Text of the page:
On appeal, however, planning inspector Elaine Worthington concluded: “Whilst I accept that the proposal would significantly alter the appearance of the barn, the proposed fenestration arrangement fulfils a practical function and lends itself well to the existing form of the barn and the aim of creating a modern dwelling.”
Approving the development, she also dismissed the council’s concern over noise and odour from an adjoining cow shed.
“I am content that such a condition could be imposed to ensure the cow shed is removed prior to the proposed use taking place,” she said.
“On this basis, I see no reason why the proposal would fail to provide adequate living conditions for future occupiers and am satisfied that it aligns with the core planning principle of the Framework to secure a good standard of amenity for all existing and future occupants of land and buildings.”
The CLA has responded to the situation with a concerted effort to make Government sit up and listen to ‘real world’ accounts.
In the autumn for example, a team from the organisation met with the Government’s chief planner and officials to highlight the situation.
The representatives suggested more clarity was needed as far as aims and objectives were concerned, specifying, for example, how a balance can be struck between the new rights and the framework.
It was also agreed that a review of the changes be carried out, and, since the meeting, the CLA has been forwarding prior approval decisions - both refusals and approvals - to the Government.
The body has also written to the Planning Minister, asking him to clarify a response to a parliamentary Written Question in which he claimed the new rules were “empowering individuals”.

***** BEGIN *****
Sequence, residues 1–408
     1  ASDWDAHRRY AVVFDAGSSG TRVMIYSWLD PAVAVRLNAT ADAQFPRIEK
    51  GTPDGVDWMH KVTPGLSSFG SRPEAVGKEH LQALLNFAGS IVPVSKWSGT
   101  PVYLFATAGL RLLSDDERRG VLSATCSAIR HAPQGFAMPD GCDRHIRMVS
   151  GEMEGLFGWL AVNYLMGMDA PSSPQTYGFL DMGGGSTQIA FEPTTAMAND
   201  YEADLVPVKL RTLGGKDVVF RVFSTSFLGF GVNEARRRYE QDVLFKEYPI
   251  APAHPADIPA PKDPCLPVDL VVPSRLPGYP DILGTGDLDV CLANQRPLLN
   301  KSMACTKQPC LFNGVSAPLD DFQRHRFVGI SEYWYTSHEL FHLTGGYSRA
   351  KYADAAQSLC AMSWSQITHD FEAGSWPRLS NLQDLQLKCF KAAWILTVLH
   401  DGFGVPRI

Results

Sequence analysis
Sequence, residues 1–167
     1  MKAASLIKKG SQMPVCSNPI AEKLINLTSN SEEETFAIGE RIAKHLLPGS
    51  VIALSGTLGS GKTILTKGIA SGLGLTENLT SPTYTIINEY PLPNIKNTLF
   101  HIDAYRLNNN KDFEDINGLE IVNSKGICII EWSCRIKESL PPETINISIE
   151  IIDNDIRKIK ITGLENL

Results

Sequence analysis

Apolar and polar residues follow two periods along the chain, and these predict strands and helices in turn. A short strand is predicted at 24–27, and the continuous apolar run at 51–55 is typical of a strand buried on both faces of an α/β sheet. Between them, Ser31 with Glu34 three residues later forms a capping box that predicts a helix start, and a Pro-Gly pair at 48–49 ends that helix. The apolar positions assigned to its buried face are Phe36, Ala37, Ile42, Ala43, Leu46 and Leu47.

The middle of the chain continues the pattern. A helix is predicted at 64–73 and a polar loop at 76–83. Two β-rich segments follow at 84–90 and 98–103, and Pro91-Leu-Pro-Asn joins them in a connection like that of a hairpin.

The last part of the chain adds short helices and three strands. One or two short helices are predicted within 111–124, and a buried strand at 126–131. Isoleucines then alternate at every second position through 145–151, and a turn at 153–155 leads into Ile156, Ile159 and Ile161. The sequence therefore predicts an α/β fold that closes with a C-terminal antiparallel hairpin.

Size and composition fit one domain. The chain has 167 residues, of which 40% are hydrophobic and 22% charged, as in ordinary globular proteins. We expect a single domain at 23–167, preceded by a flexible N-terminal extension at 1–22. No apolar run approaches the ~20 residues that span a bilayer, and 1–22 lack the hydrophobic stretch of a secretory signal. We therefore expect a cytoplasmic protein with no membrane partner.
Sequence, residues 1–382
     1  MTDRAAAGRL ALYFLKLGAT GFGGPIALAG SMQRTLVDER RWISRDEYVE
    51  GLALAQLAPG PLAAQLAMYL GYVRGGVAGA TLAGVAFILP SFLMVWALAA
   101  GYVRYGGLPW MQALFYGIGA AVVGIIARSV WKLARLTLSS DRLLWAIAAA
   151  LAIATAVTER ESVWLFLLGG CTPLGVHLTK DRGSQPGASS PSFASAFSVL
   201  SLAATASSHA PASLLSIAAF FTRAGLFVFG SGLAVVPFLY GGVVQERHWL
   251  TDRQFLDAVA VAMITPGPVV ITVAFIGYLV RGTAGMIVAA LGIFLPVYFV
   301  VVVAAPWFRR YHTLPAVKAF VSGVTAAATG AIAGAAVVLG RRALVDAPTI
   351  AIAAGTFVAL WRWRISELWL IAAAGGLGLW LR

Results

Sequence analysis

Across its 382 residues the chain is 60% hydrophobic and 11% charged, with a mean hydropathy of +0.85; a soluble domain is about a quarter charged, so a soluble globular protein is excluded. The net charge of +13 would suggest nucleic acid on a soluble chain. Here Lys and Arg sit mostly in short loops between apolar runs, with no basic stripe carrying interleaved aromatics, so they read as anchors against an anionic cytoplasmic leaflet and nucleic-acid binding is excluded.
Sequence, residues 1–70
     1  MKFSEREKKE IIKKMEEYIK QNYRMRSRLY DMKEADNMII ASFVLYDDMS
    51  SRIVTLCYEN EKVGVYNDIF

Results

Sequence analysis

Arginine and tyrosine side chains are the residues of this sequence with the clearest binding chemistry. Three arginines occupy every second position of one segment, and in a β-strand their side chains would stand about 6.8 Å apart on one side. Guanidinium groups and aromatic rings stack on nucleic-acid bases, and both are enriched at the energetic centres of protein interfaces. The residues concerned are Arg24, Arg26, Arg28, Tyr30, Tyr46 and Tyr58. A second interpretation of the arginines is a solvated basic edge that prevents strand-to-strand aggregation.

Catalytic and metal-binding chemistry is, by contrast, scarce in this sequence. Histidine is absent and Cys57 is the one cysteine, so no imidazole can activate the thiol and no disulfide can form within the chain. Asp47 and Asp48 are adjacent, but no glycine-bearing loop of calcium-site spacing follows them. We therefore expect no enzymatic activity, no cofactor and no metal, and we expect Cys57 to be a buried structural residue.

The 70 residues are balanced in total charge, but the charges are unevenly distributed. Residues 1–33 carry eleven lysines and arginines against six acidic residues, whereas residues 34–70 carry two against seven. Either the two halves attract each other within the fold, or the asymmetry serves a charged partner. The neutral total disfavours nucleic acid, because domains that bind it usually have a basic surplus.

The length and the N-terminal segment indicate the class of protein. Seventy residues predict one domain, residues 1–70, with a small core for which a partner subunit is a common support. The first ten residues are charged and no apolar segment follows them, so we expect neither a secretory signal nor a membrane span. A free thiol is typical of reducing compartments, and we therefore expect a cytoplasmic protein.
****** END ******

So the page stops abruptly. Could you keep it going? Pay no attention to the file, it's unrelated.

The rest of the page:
Arguably, though, the limited scope of permitted development rights makes them an impractical tool for efficiency in the first place.
Angus Collingwood-Cameron, lead consultant for the Northern Farmers and Landowners Group (NFLG), for example, suggested that while they represented a “step in the right direction”, it would be “fairly unlikely you’d get a situation where you would not require more than that”.
“When you take things like design and access into consideration - or you want to develop something bigger than is allowed - you could soon end up back with a full planning application to consider,” he added.
“It would be fairly unlikely you’d find something that would fit the criteria exactly.”
Of more concern to NFLG, which represents the owners and managers of approximately 225,000 acres in the North East, is that councils sharpen up their practices when it comes to planning generally.
While accepting that budget cuts, reorganisations and the lack of an updated Local Plans meant many were working in highly challenging conditions, Mr Collingwood-Cameron claimed agents and others had “little faith” in the system as it was.
Hence, he welcomed news that Northumberland’s planning department was to be reviewed, following a report by Deloitte that highlighted 21 recommendations, ranging from improving the speed at which applications were dealt with to delivering a more customer-focussed service.
“The problems have now been laid out in black and white and we can only hope that they will be effectively addressed,” he said.
“An efficient planning department is vital for the economic and environmental well-being of the county.”
Both Northumberland County Council and the Department for Communities and Local Government were contacted for comment, but had not responded by the time going to press.